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What you need to be a programmer


You need, above all others:

1) to have dogged persistence in the face of failure.

2) to celebrate the utterly ordinary.

On 1. There is a reason why FAIL Blog is a thing. Failure represents 99% of what programmers do. Programmers do not sit down and write flawless code that works first time. We make mistakes. The compiler complains. The tests fail. It stops when something unexpected happens. Each failure requires the programmer to work out why it failed, fix it, and carry on. I’m talking about failures at every level from the “missing comma” and “expected string not int” type errors, through intermediate errors like using feet instead of metres, or using 100GB of RAM instead of 1GB, to higher level errors like designing a mobile phone app instead of a website.

Some people just cannot do this. They will type in their program, and it will fail to compile or run because of a missing comma or something like that, and they will just stop, and go and make a bacon butty instead. This is perfectly understandable.

Personally, as a programmer, it sometimes feels like it’s not that I want the program to run correctly, it’s that I have a curse where I cannot prevent myself from investigating every last failure and fixing it.

When programming, failure is entirely normal. It takes a certain personality type to be able to cope with this, several times a day.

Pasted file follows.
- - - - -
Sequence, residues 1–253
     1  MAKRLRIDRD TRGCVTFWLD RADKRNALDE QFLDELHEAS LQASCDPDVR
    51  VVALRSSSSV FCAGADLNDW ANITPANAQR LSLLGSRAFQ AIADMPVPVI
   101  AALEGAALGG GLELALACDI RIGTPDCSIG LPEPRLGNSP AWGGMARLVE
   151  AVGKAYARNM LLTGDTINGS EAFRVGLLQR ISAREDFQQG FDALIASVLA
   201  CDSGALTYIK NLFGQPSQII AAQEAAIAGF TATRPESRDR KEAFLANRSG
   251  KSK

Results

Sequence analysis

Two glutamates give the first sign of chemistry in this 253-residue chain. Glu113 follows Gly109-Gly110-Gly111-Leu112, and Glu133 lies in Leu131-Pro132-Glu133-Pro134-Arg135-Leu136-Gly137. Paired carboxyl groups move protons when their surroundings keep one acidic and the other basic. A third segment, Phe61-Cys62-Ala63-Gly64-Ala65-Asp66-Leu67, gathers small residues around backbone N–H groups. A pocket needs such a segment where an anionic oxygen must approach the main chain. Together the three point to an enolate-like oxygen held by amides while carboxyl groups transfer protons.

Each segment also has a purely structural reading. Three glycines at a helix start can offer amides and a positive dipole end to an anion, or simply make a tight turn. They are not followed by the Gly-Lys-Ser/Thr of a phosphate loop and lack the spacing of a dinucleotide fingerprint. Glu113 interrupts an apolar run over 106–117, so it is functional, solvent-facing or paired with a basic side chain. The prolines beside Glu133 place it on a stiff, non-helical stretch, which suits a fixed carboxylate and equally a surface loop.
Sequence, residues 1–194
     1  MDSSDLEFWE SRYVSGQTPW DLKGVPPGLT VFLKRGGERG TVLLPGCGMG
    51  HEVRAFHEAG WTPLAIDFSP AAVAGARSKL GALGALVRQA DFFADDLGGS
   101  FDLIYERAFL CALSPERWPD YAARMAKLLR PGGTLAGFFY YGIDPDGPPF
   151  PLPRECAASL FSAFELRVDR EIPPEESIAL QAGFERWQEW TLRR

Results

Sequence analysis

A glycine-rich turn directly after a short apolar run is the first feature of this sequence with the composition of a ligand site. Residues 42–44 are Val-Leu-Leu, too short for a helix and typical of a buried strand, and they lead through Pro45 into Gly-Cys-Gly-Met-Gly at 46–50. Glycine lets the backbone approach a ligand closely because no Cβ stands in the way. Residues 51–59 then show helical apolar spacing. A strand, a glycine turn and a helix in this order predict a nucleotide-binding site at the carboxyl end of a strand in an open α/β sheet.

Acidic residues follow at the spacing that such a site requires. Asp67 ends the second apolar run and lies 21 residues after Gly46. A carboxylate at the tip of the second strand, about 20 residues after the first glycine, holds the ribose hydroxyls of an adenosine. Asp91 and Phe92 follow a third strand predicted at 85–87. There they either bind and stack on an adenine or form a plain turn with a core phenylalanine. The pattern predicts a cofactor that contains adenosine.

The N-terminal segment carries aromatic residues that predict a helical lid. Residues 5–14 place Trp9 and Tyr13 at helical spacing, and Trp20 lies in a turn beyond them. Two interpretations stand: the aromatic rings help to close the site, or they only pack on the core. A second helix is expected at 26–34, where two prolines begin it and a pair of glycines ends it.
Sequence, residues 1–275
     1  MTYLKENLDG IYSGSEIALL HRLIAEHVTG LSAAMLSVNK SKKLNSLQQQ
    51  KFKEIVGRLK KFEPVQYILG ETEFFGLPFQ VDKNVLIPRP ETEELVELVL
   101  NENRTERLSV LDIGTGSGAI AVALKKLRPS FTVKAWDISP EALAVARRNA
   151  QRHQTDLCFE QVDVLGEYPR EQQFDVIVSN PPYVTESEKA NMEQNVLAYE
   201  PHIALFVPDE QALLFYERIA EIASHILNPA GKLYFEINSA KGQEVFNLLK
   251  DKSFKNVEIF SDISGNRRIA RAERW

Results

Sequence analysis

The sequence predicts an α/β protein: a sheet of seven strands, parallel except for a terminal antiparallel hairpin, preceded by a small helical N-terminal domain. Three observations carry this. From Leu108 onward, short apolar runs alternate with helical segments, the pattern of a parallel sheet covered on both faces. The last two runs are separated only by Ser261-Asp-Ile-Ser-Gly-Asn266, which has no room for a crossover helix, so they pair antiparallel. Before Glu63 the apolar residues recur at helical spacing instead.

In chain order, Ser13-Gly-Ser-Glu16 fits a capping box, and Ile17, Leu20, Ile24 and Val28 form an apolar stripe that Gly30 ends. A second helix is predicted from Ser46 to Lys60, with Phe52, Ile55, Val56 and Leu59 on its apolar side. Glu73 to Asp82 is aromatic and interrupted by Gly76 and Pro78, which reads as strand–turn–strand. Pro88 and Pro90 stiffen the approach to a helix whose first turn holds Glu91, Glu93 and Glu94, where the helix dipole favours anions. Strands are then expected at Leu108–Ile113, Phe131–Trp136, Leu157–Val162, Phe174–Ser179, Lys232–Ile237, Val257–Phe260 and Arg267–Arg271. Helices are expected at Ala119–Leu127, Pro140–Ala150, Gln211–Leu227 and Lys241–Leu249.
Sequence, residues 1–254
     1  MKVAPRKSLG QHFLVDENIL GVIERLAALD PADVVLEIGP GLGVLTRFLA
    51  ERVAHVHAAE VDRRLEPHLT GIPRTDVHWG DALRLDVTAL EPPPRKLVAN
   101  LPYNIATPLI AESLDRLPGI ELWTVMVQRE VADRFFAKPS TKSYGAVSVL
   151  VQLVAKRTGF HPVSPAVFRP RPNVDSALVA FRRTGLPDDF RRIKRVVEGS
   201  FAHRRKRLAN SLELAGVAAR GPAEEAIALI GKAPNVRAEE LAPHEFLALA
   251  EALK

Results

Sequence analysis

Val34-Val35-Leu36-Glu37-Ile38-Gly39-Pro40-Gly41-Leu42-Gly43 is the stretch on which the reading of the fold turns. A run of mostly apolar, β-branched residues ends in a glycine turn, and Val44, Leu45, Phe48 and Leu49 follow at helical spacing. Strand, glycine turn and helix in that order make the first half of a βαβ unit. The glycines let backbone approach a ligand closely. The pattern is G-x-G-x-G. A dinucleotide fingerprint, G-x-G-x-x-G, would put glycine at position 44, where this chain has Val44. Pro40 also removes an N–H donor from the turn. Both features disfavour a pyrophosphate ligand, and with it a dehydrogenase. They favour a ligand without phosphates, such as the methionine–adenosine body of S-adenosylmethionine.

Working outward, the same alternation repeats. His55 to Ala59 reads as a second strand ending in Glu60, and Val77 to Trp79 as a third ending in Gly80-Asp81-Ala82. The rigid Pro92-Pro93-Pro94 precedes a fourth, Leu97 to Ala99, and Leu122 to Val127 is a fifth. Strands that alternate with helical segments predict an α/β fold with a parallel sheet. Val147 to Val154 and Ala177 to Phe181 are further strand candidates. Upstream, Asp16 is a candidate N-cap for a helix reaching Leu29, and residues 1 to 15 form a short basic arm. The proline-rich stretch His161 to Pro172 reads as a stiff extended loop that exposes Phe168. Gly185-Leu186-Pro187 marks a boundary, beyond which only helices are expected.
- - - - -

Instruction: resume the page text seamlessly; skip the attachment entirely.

On 2. The flip side is that when programmers succeed, most of the time we succeed in something entirely ordinary. We have calculated the amount of VAT correctly. We have displayed the user’s email address on the page correctly. Things that are entirely trivial and obviously should Just Work take sufficient effort, and involve overcoming several failures, that just achieving the entirely ordinary seems like it deserves a celebration.

Clearly it is not normal for someone to celebrate the fact that as a result of typing stuff into the CSS file, the dotted border between the header of a table and the next row now displays correctly. So remote are programmers from the rich celebrations that life has to offer that we have to make our own.

There is a horrific irony to all this. Computers only do what they are programmed to do. But it is incredibly difficult to program them (correctly). What they are programmed to do is only an impression of what we intend them to do. In this case it is like trying to take an impression of a fossil with only wet tissue. So, on the one hand everything a computer does it has been programmed to do, on the other it is a monumentally difficult task to get the computer to do anything at all that is useful and correct.

Lovelace grasps this subtle point: “It can do whatever we know how to order it to perform”. It’s the “know how” that’s the tricky bit.

Women of #movember


In the interests of brevity the title says “women” but I mean to include all partners of people growing a mo’ this month.

I am growing a moustache to support a local prostate cancer group.

The reality is that growing a moustache is not hard. I just have to not shave a certain part of my face for a while. Most of the hardship is endured by my partner Philippa who has to put up with bristly kisses for a month.